And the logical extension of the theme comes out is Sudhir Kasliwal’s photo of an elderly man in a ramshackled hut lying on a decrepit bed with a death rattling gaze. The man looks into unknown shaded by a dim light; the woman at bedside waits for his
freedom from the drudgery of poverty. The photograph does not celebrate death but subtly shows the kind of escape route that the masses wants from the strait-jacketed lifestyle dumped on them.

Morbidity was one thing that marked black and white photography acolytes. And news photographers from 40s till early 90s harboured a deep empathic sadness in their hearts. This empathy clearly stood out in their choice of subjects, forms and frames they envisaged.

Tarapada Banerjee’s snap of crowd spilling out of a tram makes a point on the dehumanised urban spaces. The photo without making an overt comme­ntary on the depleting rural scape, subtly points out to the loss of compassion and the transformation of individuals into mere cogs fighting for economic survival in a machine called metropolis.

The same is with the wildlife photography from an era that will now exist only in memories and archives. While E Hanumant Rao’s photo shows a lioness gazing lovingly at her cubs in a frame where the forests were still wild but gradually eroding, Kakubhai Kothari’s coloured close-up photograph of a tiger desperately seeking a path to in a jungle that is manicured and designed with a “motorway road”, brings out the changing face of the Indian wilds.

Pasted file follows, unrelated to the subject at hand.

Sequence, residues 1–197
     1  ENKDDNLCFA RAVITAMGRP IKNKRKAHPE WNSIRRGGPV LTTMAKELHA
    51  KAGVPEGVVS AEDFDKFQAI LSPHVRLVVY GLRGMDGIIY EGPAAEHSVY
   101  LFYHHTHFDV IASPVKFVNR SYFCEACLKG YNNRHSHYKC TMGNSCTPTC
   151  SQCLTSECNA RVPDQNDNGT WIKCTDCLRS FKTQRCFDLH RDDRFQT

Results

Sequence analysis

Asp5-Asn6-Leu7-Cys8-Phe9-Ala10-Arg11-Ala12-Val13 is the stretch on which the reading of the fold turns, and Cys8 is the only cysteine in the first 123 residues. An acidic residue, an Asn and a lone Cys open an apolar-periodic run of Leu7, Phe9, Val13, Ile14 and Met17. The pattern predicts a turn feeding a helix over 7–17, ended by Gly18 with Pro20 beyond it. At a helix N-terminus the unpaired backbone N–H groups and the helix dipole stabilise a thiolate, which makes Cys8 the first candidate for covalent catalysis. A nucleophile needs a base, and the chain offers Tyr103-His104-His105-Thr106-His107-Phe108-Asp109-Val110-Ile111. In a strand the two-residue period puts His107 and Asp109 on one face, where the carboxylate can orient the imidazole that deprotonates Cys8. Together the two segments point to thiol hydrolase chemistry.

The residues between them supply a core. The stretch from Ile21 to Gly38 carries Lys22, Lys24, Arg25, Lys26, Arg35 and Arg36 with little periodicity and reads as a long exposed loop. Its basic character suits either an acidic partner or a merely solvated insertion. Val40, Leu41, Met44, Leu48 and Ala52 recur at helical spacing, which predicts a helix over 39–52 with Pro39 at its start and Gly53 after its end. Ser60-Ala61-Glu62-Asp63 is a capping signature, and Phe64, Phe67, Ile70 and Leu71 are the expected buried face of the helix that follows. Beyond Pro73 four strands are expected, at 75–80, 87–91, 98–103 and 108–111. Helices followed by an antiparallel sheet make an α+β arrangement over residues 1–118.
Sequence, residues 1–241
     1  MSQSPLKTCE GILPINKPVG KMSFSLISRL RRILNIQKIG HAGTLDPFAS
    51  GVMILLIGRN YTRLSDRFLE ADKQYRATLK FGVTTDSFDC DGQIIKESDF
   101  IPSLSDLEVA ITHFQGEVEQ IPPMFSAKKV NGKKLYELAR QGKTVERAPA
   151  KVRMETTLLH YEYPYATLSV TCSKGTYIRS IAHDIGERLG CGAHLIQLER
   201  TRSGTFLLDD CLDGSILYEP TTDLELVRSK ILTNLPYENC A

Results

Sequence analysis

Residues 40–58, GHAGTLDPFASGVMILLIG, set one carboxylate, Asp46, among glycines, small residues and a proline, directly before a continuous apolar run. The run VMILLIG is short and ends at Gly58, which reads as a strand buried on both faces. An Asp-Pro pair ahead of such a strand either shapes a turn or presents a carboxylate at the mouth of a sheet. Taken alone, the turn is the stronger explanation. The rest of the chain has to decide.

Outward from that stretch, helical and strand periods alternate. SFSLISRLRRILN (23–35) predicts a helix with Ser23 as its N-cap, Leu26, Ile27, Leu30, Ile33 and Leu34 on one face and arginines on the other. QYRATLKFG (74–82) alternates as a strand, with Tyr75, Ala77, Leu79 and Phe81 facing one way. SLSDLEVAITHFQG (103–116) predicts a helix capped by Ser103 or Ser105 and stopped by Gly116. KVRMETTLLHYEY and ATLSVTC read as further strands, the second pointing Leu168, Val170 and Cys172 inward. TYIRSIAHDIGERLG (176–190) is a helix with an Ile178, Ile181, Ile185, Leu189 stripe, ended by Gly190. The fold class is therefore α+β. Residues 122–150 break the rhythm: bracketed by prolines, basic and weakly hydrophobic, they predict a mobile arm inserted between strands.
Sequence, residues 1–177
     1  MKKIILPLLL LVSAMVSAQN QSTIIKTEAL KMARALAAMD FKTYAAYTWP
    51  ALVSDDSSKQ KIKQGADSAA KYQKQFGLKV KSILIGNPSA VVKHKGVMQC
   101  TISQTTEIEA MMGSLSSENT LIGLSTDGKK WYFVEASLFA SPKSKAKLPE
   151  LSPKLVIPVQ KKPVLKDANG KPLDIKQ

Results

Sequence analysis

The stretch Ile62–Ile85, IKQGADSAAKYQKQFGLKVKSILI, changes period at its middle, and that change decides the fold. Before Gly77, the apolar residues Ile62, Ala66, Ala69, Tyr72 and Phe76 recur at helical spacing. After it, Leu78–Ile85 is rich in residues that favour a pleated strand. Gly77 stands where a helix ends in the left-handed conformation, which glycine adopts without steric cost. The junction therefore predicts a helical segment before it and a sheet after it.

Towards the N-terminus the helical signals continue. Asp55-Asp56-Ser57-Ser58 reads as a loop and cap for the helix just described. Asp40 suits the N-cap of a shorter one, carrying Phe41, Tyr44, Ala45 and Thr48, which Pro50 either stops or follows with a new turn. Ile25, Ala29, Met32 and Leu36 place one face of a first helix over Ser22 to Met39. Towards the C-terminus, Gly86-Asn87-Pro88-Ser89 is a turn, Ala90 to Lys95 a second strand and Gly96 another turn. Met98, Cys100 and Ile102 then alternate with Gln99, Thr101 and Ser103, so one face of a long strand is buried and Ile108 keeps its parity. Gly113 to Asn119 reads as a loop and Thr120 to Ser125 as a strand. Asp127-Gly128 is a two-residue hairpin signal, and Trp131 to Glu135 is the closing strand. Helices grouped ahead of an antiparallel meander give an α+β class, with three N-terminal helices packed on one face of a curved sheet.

The two photos contrasting with each other depicts the inner minds of the two photographers belonging to different eras; one still had the deep fields of forests to tramp around while the other only has a forest designed by tourism lobbies. Interestingly, black and white photography format was also home to the roiling of the inner minds seeped in melancholy. Cult actress Smita Patil, who died at a young age of 31, was an avid photographer and like the films which she chose to work in, her photographic repertoire also depicts sublime sadn­ess and joys that make life meaningful and intense.

And come mid-90s, the subjects and perspective also change and they are visible. The photographs are more in tune to evanescent pop culture like snaps of the “lost and forgotten,” Pamela Bordes, a London society girl turned photographer clicking actress Madhuri Dixit at a film shoot or a girl with a with metal cups for bras etc.

Most contemporary photographers with the help of digital cameras going by the exhibit seem to over-focus on Andy Warholian pyrotechnics rather than searching for inner essences of their subjects. And possibly therein lies the difference between the superficiality of present times and the news photographers of yore who in Lord Byron’s famous lines spent lives searching for,” One shade the more, one ray the less/ Had half impaired the nameless grace.”